The term “Original Sin”, though it has a rich history in the church, is not one that I grew up with, but the concept was quite familiar to me, being couched in phrases like “the total depravity of Man.” I was taught that you’re not a sinner because you sin, you sin because you are a sinner.
Born a sinner. Adam and Eve sinned, so I’m a sinner. I never had a chance. That just never seemed fair.
Turns out that not everyone teaches the exact same thing about Original Sin. Some teach a version like what I just described, what I call Inherited Guilt. Others teach that the sin of Adam gives us a sin nature, a proclivity to sin, but that we bear no guilt for Adam’s sin, which was his alone. And still others treat the effect of the Original Sin as a slight defect in each person that has been passed down from the original pair.
What each interpretation shares is an emphasis on the effect of the sin of Adam which has been passed down. In each case the sin is original in that it is first. Original Sin refers to the first sin, the one that introduced Sin into a previously sinless, perfect world. In essence, it matters little what that sin was—instead of eating of the Tree of the Knowledge of Good and Evil, the sin could have been cussing, shoplifting, or jay-walking and the effect would have been the same. It was the fact that the world—and humans—were perfect, and that first sin spoiled it all. Ruined the perfect creation and the perfect creatures for all time.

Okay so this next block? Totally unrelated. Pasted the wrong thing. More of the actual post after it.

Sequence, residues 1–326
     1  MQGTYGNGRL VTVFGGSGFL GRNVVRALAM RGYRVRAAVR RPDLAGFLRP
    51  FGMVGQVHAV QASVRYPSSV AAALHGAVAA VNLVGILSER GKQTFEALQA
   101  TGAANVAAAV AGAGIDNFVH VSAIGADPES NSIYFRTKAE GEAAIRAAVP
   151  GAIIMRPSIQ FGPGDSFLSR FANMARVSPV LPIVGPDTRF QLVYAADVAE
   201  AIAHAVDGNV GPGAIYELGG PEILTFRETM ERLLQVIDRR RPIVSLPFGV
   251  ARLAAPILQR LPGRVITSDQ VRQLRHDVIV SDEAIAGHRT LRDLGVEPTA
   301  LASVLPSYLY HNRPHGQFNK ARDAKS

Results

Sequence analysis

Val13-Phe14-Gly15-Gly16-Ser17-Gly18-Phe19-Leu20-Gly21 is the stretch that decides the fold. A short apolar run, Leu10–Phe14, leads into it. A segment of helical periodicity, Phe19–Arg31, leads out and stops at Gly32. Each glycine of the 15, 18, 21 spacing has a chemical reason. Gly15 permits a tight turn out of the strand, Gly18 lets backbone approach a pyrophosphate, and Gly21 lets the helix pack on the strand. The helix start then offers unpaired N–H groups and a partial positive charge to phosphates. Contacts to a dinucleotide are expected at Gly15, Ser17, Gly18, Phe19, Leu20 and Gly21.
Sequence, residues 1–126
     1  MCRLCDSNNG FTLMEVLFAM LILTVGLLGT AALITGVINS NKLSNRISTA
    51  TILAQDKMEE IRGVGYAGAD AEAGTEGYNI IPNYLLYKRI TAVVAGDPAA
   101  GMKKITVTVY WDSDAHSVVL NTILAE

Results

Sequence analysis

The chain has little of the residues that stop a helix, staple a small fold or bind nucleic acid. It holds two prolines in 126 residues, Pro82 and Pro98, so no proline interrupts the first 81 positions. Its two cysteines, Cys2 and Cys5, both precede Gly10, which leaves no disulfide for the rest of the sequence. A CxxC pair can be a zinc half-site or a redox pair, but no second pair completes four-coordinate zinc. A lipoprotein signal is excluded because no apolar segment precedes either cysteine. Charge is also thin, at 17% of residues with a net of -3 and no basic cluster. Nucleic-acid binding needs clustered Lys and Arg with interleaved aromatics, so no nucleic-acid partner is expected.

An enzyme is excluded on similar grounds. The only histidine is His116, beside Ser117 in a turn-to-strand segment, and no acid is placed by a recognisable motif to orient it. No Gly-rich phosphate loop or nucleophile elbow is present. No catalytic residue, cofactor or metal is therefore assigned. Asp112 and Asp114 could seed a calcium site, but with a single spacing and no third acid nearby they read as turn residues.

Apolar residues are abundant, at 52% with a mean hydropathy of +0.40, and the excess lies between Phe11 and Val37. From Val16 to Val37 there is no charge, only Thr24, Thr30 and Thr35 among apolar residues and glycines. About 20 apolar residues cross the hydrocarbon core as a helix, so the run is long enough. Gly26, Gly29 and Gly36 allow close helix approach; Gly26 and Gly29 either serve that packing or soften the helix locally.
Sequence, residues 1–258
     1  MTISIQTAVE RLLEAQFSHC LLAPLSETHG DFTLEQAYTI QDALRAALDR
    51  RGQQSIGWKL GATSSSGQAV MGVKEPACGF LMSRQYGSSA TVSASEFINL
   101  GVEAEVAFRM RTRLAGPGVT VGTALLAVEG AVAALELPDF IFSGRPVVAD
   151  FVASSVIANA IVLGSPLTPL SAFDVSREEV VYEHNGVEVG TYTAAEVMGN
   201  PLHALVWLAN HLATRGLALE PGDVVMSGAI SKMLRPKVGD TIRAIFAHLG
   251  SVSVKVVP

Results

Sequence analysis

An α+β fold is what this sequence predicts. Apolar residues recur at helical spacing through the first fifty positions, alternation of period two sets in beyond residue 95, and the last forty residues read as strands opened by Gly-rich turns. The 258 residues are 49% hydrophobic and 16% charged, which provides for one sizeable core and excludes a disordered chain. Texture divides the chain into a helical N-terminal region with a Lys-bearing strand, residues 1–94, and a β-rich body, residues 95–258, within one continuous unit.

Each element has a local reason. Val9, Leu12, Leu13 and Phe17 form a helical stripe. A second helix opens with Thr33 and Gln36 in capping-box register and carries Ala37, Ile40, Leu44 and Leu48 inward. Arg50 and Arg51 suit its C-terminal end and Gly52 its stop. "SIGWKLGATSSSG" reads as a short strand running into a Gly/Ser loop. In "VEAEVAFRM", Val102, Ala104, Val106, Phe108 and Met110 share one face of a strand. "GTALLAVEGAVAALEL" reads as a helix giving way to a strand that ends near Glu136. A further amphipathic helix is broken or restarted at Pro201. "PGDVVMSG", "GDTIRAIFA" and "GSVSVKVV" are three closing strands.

I see it very differently. I think it matters quite a bit what that first sin was—is. My reading of the text is that the first sin was Original not because it was first, and not because it corrupted our spiritual DNA such that we pass some fallen gene to our progeny. No, my reading says that the first sin is Original in that it is archetypal i.e. that the story of Adam and Eve in the Garden in Genesis 3 is a pattern of behavior that we all follow, a pattern that represents a downward spiral of the human condition that has effects for the entire Creation. That pattern is the main problem that God has to address in subsequent chapters and books of the Bible. In other words, we aren’t guilty because of what Adam and Eve did, we are guilty because we do what they did. The word adam in Genesis 2 isn’t even a proper noun like Fred or Bill or George. adam is Hebrew for Man, both in the gender-specific meaning of male, and in the general sense of humanity. Translating it as a name takes us out of the picture. A better translation would just simply be Man, and that includes all of us. I am Adam. I am Eve. Their story is my story. It is our story. It is the story of Everyone.